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Mozart’s birthday: our hosts tell us why he was great

Mozart’s birthday: our hosts tell us why he was great featured image

Mozart as a child prodigy

Wolfgang Amadeus Mozart’s birthday, which is January 27, should be a nation-wide holiday, such was his contribution to western music. When I was a piano student, I found the simplicity of his lines were deceptively difficult; unless they were  played *perfectly*, his sonatas sounded like a massive flop. I always longed to sink my fingers into some meaty Beethoven piano works while I was learning Mozart. Then, when immersed in the depths of Beethoven, I longed for the sunnier climes of Mozart.

I took a poll of our in-house music experts, the hosts of all our programs on The New Classical FM. I wanted to know 1) their opinion why Mozart was one of, if not, THE greatest composer of the classical genre; and 2) what their favourite Mozart piece is. It was a fun read with some surprising answers!

Mike Duncan
Host of “Classical Mornings”, “Solid Gold Classics”, “Classical Chartz”, and “Destination Classics”:
Well, off the top of my head – and this is my usual “quip” answer – is that he is happy, bouncy and somewhere around the key of C. But it’s true in some sense. There is a joy that permeates his music – even in minor keys and sombre works. For me, the joy that one gets from playing an instrument, discovering something new or learning how to play something just radiates from his music. He is – for lack of a better phrase – a musician of the people. He creates music for the creative. Combine this with a staggering output of quality in all genres in such a short period of time is nothing short of astonishing.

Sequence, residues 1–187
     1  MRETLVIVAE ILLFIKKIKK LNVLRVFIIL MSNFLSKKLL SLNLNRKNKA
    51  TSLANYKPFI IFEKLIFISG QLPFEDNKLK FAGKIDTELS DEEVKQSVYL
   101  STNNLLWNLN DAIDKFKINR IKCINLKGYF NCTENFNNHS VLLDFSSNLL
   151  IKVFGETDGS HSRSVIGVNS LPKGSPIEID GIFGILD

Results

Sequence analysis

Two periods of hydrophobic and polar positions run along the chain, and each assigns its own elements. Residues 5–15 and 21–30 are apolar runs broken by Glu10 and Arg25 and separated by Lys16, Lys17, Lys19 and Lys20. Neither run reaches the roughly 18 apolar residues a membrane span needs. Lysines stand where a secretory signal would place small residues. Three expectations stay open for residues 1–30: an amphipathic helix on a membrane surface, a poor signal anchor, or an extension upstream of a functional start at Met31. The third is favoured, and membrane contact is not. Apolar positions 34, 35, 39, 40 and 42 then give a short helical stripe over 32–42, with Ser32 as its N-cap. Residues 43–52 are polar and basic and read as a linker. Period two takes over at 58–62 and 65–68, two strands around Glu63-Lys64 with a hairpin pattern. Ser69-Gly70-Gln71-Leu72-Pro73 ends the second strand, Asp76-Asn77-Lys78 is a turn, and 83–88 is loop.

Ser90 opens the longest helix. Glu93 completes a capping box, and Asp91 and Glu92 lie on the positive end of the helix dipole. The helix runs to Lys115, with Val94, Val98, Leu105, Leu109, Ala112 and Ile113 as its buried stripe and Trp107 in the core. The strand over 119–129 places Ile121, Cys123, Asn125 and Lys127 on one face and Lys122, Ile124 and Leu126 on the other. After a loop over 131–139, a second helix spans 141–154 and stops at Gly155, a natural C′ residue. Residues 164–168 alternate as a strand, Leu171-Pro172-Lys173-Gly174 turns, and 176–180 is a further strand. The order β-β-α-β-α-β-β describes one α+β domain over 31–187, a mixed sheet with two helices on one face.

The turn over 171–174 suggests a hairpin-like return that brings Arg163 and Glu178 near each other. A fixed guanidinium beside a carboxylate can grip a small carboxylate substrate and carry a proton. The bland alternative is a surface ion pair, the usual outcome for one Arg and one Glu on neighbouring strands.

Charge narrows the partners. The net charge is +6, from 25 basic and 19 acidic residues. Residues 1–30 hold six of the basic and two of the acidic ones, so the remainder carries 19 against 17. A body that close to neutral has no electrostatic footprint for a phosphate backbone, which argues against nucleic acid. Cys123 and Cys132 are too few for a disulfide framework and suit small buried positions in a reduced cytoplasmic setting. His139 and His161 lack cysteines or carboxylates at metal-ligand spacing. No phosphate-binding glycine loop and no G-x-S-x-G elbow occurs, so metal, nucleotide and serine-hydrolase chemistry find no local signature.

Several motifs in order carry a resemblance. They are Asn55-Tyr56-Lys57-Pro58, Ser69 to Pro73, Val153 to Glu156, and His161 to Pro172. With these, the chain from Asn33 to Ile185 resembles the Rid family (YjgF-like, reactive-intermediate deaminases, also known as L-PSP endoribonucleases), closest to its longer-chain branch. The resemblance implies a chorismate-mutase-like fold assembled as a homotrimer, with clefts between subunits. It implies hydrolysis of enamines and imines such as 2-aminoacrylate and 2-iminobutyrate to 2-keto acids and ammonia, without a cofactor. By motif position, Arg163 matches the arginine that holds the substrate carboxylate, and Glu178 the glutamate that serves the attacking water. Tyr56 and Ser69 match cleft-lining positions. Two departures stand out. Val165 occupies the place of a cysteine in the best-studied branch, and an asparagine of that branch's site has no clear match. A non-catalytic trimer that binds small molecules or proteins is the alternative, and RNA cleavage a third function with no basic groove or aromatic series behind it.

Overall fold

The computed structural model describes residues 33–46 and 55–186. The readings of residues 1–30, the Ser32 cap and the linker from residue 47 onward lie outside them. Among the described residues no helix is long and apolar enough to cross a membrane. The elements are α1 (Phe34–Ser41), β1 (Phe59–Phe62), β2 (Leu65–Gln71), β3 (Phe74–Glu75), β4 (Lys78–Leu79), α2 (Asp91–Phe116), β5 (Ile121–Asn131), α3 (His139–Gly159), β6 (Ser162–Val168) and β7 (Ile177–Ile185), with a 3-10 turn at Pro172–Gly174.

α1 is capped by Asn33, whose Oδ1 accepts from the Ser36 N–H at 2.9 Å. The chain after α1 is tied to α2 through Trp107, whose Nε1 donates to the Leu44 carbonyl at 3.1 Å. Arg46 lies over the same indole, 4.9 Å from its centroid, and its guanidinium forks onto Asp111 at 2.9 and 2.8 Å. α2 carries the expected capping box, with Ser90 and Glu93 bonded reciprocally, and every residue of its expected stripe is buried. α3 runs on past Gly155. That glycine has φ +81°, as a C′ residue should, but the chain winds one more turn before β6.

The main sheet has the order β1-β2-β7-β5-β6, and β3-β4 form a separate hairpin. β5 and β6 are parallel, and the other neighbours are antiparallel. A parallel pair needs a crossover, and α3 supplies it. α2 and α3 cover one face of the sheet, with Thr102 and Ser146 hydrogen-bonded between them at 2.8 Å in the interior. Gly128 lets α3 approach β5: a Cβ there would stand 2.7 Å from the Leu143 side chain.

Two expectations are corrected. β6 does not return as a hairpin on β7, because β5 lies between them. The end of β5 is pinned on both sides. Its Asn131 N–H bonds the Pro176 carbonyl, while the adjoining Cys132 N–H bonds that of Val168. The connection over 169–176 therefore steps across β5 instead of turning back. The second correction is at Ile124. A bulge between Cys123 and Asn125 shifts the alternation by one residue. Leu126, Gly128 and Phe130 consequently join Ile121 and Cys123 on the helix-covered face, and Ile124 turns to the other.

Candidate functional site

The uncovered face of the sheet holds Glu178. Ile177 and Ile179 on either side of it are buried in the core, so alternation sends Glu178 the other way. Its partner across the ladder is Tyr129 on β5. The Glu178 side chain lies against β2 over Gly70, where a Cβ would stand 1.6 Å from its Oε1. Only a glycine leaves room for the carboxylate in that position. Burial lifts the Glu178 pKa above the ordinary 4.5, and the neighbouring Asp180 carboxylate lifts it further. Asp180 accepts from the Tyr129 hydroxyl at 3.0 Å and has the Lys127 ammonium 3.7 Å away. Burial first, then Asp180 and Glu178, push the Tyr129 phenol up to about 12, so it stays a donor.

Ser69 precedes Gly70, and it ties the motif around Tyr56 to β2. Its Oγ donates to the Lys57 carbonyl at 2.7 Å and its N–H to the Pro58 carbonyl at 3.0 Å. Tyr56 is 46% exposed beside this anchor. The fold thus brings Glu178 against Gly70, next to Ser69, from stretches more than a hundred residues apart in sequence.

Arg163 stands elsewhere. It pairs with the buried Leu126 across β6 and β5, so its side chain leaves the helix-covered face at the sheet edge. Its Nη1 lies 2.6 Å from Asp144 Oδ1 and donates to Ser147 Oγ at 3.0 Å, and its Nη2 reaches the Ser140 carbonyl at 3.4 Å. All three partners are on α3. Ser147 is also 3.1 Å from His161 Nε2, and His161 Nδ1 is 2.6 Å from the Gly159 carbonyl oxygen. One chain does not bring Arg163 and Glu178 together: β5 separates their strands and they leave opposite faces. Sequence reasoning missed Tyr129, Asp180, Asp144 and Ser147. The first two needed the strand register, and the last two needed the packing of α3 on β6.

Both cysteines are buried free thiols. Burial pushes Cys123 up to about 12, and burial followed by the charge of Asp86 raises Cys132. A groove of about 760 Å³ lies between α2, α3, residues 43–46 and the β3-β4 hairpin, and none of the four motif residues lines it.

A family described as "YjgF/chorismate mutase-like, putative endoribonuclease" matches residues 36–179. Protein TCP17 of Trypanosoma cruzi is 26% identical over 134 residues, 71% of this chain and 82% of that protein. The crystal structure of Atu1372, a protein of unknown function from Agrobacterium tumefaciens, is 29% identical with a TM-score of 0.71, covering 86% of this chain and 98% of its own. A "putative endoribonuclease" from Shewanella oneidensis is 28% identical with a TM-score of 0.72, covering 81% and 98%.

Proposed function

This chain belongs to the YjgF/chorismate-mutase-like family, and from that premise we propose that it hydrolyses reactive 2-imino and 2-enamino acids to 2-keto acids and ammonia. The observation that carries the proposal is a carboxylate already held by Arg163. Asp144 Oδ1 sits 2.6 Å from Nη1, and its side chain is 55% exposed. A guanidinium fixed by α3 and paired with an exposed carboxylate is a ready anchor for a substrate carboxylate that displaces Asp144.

Favourite pieces? Two of them actually, and both, weirdly enough, from double concertos! I adore the final movement of the Sinfonia Concertante for Violin and Viola in Eb, K.364 and the gorgeous slow movement from the Flute and Harp Concerto in C, K.299.

Jean Stilwell
Host of “Classical Mornings” and contributor to the “Vintage Vocalist” segment on “A Little Night Music”:
Mozart uses an economy of means to communicate the story. Nothing is wasted. Consequently he creates a specific vocal language. All of the answers are in the music. His music requires a singer to be at the top of their game. You can’t fake singing Mozart. He won’t let you … nor should you ever, for that matter. Mozart sets a wonderful bar to aspire to. It’s tremendously satisfying. Every time I ask a vocal coach how to approach a phrase in a Mozart score I am reminded to listen to what comes before a phrase. Mozart gives it to you.

My favourite Mozart piece is Laudate Dominum from his “Solemn Vespers”. I particularly like Mezzo Soprano Elina Garanca singing it. The music sits beautifully in the Mezzo (middle) voice. The long legato lines are stunning, and communicate the meaning of the message i.e., “Praise the Lord”.

Bill Anderson
ost of “Bill’s Classical Jukebox” and “Breakfast Classics”:
In my opinion, Mozart is “the top”, number one. Incomparable musicality combined perfectly with joyous playfulness. His portrait should accompany every dictionary definition of “genius”.

My fave is the opening movement to his Symphony No. 40 – it lifts you to heavenly heights of beauty and charm.

Kerry Stratton
Host of “The Oasis” and “Conductor’s Choice”:
Mozart had the musical equivalent of the Midas touch in that there was no form he did not turn to gold: symphony, opera, chamber music, concerto, masses, you name it, and it’s 24 karat when Mozart’s done with it. We will not see his like again.

Must I have a favourite? My idea of paradise would be rehearsing and performing Mozart for all eternity.

Kathleen Kajioka
Host of “A Little Night Music”, “Dinner Classics”, “Sunday Night with the TSO”: